FWC wants your input on snook, redfish and spotted seatrout in SW Florida

At its February meeting, the Florida Fish and Wildlife Conservation Commission (FWC) directed staff to gather public input on the future management of snook, redfish and spotted seatrout in the area of southwest Florida where they are currently catch-and-release only. This came after the Commission received a staff review of the latest Fish and Wildlife Research Institute monitoring data and listened to public input on snook, redfish and spotted seatrout in southwest Florida.

“We know this is an important issue to this region of Florida and, because of that, I will be working with staff to set up ways to gather continued input from recreational anglers and the fishing guide community,” said FWC Executive Director Eric Sutton.

“We have a responsibility for managing these species for all stakeholders,” said Vice Chairman Mike Sole. “It really is going to be a combination of looking at the science and listening to our stakeholders to determine how we can best manage the resources for all.”

“We need to listen to everyone,” said FWC Chairman Rodney Barreto. “I want recreational anglers to feel like their voice is important.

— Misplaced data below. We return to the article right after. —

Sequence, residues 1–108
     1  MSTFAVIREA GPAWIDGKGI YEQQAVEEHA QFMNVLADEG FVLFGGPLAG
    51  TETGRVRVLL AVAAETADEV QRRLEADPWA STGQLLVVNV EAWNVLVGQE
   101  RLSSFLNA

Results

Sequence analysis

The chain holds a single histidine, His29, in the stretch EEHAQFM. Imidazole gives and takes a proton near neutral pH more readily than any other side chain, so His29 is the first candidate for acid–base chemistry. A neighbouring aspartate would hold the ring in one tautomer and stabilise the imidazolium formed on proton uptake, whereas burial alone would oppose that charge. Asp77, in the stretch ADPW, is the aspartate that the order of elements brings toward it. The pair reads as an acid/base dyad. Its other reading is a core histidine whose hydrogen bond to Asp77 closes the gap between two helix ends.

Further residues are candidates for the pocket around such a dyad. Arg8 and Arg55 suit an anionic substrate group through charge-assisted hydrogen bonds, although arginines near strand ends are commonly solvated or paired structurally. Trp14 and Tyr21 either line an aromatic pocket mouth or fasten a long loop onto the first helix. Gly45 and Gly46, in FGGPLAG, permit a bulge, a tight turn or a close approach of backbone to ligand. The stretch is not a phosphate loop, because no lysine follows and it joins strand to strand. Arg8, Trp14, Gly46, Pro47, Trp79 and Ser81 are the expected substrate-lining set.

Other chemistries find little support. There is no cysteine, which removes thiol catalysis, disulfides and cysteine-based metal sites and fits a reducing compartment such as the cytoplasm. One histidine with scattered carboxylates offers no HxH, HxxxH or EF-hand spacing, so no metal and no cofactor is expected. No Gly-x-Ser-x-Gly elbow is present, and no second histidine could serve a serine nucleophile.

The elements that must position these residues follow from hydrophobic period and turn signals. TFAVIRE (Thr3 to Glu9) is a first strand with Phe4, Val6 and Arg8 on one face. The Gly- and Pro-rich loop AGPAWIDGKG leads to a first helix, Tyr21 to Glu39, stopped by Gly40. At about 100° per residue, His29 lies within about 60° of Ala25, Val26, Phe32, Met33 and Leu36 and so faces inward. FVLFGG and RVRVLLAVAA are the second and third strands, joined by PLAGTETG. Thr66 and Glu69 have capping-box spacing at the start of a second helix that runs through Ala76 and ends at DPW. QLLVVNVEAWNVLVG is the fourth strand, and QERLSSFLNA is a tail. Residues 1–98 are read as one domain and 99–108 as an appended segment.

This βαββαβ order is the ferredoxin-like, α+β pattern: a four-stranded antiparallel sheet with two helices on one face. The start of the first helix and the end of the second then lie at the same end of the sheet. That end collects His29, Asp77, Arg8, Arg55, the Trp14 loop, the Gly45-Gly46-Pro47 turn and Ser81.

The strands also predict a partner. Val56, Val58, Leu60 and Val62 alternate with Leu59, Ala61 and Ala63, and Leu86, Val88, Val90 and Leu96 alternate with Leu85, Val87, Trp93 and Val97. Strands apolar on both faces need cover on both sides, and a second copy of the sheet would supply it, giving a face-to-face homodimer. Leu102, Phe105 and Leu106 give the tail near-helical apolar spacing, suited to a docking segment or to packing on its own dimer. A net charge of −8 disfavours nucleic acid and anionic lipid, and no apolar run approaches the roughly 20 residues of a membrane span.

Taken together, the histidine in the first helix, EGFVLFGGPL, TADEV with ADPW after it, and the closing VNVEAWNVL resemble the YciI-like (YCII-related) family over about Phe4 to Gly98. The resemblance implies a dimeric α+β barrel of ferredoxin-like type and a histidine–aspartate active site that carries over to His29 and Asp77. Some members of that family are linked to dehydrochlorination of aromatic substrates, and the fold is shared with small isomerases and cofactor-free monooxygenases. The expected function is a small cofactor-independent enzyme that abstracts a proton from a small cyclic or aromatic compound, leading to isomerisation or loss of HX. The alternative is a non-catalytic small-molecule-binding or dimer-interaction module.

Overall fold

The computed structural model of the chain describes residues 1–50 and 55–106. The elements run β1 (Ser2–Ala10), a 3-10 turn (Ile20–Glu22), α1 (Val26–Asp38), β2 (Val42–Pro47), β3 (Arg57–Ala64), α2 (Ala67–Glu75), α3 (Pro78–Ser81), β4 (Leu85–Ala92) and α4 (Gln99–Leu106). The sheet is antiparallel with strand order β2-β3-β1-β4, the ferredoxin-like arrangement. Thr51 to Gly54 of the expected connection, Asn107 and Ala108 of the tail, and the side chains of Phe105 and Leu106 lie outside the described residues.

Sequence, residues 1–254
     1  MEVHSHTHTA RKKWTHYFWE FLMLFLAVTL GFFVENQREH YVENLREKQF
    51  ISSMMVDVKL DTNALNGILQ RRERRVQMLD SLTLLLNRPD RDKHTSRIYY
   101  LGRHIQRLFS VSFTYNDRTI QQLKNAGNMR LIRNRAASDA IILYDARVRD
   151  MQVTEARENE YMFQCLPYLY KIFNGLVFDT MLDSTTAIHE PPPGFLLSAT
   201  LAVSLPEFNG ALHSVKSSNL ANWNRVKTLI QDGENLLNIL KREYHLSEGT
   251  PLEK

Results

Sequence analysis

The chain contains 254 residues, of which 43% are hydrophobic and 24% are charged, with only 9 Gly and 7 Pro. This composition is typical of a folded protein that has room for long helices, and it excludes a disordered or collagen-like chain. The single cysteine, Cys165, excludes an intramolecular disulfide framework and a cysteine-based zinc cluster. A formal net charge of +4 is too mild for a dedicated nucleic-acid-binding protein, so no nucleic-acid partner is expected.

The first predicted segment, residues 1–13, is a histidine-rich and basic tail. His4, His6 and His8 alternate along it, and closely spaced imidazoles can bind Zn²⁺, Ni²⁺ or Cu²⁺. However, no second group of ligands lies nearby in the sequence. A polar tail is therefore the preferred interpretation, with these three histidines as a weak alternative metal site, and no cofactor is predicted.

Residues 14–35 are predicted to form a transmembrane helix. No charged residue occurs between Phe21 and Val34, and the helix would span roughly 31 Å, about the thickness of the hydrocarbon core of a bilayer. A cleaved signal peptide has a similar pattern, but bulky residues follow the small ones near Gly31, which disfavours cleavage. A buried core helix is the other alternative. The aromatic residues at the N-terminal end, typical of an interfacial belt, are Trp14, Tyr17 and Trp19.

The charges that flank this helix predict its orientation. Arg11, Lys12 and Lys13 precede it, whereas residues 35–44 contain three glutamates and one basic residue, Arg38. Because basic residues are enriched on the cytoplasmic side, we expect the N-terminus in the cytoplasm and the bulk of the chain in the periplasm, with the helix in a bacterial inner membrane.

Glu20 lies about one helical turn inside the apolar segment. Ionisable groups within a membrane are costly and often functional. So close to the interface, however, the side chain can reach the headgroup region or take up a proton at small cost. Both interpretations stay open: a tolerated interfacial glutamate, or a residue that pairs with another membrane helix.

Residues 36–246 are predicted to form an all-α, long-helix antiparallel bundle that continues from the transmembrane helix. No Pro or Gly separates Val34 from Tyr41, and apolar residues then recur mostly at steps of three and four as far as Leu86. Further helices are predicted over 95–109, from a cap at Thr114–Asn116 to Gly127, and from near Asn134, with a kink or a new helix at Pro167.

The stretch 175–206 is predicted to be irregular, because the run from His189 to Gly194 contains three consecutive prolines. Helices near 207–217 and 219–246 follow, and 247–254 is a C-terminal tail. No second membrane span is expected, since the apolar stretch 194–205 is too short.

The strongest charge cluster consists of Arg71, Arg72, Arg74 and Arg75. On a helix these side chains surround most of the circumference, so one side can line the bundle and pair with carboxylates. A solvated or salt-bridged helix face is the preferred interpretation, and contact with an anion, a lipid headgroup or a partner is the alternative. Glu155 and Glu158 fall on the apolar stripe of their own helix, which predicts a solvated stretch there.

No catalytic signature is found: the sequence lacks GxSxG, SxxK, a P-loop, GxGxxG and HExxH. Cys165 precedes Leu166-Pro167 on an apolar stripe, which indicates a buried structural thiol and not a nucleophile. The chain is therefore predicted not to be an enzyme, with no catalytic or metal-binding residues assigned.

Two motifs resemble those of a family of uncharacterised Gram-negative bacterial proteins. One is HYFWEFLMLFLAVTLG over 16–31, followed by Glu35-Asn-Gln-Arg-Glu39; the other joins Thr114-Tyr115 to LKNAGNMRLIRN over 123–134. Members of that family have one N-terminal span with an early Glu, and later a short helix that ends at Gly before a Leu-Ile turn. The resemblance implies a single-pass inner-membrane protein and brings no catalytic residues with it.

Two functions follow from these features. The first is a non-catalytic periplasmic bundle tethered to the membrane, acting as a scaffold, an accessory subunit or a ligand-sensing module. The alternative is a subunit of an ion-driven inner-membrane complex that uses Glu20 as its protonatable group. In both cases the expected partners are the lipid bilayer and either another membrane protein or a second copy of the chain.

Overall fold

Beginning in August 2018, the FWC made a series of temporary regulation changes to help conserve snook, redfish and spotted seatrout that were negatively impacted by a prolonged red tide that occurred in late 2017 through early 2019. Ultimately, these popular inshore species were made catch-and-release only in all waters from Pasco County through Gordon Pass in Collier County through May 31, 2021.

Long-term monitoring data indicate snook, redfish, and spotted seatrout were resilient and did not experience long-term negative effects from the 2017-2019 red tide. However, anglers and charter captains have expressed concerns that these fisheries had declined prior to red tide and that the red tide affected habitat that is essential to these species.

FWC staff will continue gathering public input both online at MyFWC.com/SaltwaterComments and through public workshops, which will be scheduled in the future. To learn more about future workshops, visit MyFWC.com/Marine and click on “Rulemaking” and “Upcoming Public Workshops.”

FWC will revisit this topic at the May 12-13, 2021, meeting. Additionally, staff will provide updates to Commissioners after stock assessments for snook and redfish throughout Florida are complete later in 2021. These stock assessments, along with stakeholder input, will help staff and the Commission evaluate whether any long-term management changes are needed in the future.

Learn more about regulations for these species by visiting MyFWC.com/Marine and clicking on “Recreational Regulations.”

View the Commission meeting presentation at MyFWC.com/Commission by clicking on “Commission Meetings” and the agenda under “February 25-26, 2021.”